Senior Jamal Edwards was one of 10 undergraduate students nationwide named a 2015 Thomas R. Pickering Foreign Affairs Fellow by the Woodrow Wilson National Fellowship Foundation.
Edwards, a Robertson scholar interested in pursuing a career in the Foreign Service, will receive financial support toward his senior year and first year of graduate school and participate in one domestic and one overseas internship as part of the fellowship. The fellows—10 undergraduates and 20 graduates—will also complete a minimum of five years of service as Foreign Service officers.
“It’s super unreal that through this scholarship, I get to tie in every experience I’ve had as an undergraduate and directly apply it to the real world,” Edwards said.
A global health and journalism double major, Edwards explained that he has been interested in public service for a long time—a passion closely connected to his global health studies at Duke. His desire to be a Foreign Service officer stems from his internship last summer with the Joint United Nations Programme on HIV/AIDS in Geneva in the Governance and Multilateral Affairs unit.
He said that throughout the internship, he was able to observe foreign policy work and see how his interest in media could be put to good use.
The fellowship's initial application process—which began in January with essays, recommendation letters and interviews—was followed by a finalists' day in Washington, where the 20 undergraduates selected were asked to complete a written exam and more interviews.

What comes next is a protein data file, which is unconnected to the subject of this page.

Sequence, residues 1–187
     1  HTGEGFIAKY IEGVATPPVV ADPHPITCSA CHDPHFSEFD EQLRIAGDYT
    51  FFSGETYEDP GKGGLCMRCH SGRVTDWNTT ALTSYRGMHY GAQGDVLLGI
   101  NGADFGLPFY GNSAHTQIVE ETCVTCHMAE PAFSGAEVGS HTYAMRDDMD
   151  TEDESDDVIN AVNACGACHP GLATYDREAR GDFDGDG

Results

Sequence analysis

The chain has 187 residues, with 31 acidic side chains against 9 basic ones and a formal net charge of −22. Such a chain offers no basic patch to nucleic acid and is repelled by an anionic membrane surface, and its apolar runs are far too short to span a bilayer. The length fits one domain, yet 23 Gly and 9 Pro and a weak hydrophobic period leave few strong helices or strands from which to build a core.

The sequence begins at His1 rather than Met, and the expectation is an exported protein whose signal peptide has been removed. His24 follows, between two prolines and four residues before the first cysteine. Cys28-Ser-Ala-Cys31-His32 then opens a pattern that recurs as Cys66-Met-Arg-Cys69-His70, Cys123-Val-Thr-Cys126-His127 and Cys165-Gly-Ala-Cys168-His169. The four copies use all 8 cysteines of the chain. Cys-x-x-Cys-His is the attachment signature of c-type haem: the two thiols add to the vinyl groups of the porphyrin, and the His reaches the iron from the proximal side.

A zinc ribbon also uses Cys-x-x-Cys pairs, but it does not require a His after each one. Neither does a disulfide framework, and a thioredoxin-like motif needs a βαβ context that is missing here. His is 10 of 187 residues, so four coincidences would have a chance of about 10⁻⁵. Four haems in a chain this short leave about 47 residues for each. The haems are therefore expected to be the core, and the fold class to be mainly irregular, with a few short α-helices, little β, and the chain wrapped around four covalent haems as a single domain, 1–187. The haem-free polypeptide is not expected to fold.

“It was a very intense day to say the least,” Edwards said. “The best part though was that I got to meet really interesting people who had traveled all over the world.”
The application process coincided with a hectic semester for Edwards, who served as the Black Student Alliance president during the 2014-15 academic year.
He said that serving as BSA president was one of the "most challenging and character-defining experiences" he has had at Duke—noting that it was especially difficult to balance his own processing of racial issues on campus while simultaneously deciding how BSA would respond.
Edwards, a first-generation college student from Rancho Cucamonga, Calif., said he wishes to be transparent about where he comes from and that he wants his experiences to help open doors for others who might not think their dreams are achievable.
“I went from never imagining Duke was possible to being so involved at Duke, while still staying the same me,” he said. “It makes me excited for whatever’s in the next chapter.”
Lysa MacKeen, assistant director of fieldwork operations at the Global Health Institute, who helped advise Edwards’ UN internship, noted that that Edwards is a determined individual who cares about everyone around him and about creating networks of support.
“I suspect we will hear a lot from him in the future,” she said.